A new study has shown that American students are not being taught the full truth about slavery. Instead, they are being shown a sanitized version of the atrocities suffered by slaves.

The report comes from the Southern Poverty Law Center and it looked at how slavery is taught in kindergarten to grade twelve classrooms. They found that students were usually taught a significantly incomplete version of events.

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In many cases, the children are taught about those who helped slaves reach freedom before they are taught about the horrors of what slaves endured. The teachings are presented as an isolated phenomenon without getting into the white supremacist views that abetted it. Nor are they taught about the deeply racist ideologies that stain American society to this day.

A mere eight percent of high school seniors who were surveyed identified slavery as the main reason behind the Civil War. Approximately half of these students identified tax protests as the main cause of the war.

Even teachers were polled with unfortunate results. Approximately 66 percent of social studies teachers who were polled said that they discuss the immorality of slavery with their students. Just over half of the 1,700 social studies teachers polled said they talk about the continued legacy of slavery with their students.

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Over 90 percent of the teachers surveyed said that they are comfortable enough to discuss slavery in the classroom but many of them had a higher level of discomfort when it came to open-ended questions, in particular, when teaching younger students.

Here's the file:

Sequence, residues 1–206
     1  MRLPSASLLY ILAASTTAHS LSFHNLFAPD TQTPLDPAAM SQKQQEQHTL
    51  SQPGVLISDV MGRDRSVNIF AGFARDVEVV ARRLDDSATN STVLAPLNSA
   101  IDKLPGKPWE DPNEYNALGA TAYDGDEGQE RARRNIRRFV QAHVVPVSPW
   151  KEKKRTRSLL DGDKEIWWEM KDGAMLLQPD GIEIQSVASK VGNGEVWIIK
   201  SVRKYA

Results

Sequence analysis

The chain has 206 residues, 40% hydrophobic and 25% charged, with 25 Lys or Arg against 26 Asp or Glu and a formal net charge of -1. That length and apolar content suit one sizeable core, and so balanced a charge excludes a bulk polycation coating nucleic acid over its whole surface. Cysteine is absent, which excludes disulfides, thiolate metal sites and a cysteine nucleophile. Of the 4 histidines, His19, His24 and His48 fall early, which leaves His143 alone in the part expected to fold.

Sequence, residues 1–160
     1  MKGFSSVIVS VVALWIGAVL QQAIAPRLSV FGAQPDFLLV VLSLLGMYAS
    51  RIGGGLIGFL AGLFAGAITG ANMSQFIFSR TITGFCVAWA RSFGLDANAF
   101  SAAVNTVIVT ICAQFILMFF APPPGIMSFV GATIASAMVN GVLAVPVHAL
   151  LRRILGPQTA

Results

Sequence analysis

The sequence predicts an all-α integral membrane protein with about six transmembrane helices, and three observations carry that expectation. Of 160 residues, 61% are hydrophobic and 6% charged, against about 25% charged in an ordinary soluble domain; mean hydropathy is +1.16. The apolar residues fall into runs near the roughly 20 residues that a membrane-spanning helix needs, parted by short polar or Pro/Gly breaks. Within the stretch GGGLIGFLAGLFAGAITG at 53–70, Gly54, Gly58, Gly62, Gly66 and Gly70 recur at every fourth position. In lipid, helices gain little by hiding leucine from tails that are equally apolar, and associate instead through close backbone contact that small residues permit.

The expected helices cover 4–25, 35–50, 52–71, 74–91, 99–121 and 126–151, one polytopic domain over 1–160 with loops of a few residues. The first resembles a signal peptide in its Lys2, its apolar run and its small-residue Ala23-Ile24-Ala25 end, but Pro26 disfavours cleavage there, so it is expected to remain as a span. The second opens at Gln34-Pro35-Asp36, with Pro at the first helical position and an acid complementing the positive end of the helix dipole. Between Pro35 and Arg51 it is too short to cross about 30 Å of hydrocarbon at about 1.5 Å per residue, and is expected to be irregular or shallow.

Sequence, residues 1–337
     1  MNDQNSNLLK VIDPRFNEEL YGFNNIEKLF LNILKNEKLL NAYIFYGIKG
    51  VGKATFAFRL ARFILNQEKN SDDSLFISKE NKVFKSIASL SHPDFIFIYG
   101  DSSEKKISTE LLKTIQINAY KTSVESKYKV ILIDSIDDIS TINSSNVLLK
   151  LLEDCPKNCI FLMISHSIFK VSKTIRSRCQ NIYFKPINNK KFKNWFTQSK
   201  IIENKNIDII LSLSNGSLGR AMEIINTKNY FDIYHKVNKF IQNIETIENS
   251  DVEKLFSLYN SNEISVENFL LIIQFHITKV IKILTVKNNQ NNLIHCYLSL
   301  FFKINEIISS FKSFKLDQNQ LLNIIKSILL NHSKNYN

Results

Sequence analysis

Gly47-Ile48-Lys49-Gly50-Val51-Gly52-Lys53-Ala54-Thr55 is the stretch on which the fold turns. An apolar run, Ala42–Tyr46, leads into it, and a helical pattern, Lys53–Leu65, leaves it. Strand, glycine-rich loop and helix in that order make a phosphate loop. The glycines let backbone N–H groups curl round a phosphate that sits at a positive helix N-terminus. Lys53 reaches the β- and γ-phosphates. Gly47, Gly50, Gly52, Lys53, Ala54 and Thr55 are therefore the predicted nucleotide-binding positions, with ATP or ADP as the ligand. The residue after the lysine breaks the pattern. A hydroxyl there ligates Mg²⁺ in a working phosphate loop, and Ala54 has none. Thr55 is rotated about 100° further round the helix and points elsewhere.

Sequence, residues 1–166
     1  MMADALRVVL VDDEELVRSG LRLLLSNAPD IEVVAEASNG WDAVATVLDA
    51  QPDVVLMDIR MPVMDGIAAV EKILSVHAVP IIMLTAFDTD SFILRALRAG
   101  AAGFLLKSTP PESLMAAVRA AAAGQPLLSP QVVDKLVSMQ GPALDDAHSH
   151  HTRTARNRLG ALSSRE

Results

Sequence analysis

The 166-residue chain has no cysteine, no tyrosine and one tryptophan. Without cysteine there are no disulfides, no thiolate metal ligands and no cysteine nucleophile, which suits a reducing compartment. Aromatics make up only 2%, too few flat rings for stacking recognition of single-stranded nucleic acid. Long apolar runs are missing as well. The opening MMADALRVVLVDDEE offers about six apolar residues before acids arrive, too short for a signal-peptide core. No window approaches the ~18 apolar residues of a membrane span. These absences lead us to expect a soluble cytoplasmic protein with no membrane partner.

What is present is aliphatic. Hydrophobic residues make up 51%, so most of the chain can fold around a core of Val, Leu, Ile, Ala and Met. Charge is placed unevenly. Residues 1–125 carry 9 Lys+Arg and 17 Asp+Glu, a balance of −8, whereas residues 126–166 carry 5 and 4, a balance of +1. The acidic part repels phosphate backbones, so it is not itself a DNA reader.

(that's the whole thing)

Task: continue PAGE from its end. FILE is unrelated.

“I focus on the resistance factor more to avoid the children being scared by man’s humanity to man [sic]. I don’t want to steal any child’s innocence, though I want to make sure that the children know the real history of their country,” answered one teacher.

The report notes that “It’s not simply an event in our history; it’s central to our history.” The problem is that when students leave the classroom they do not have a clear picture of the world around them. They don’t fully understand the country’s distribution of power or the institutions around them.

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With the surge in white nationalism, it is more important than ever to teach the reality of slavery and its continued impact on society according to the report.

“If we don’t get the early history of our country right, we are unlikely to be equipped to do the heavy lifting necessary to bridge racial divides now and in the future,” the study states. “It is a moral necessity if we are to move the country forward toward healing slavery’s persistent wounds.”

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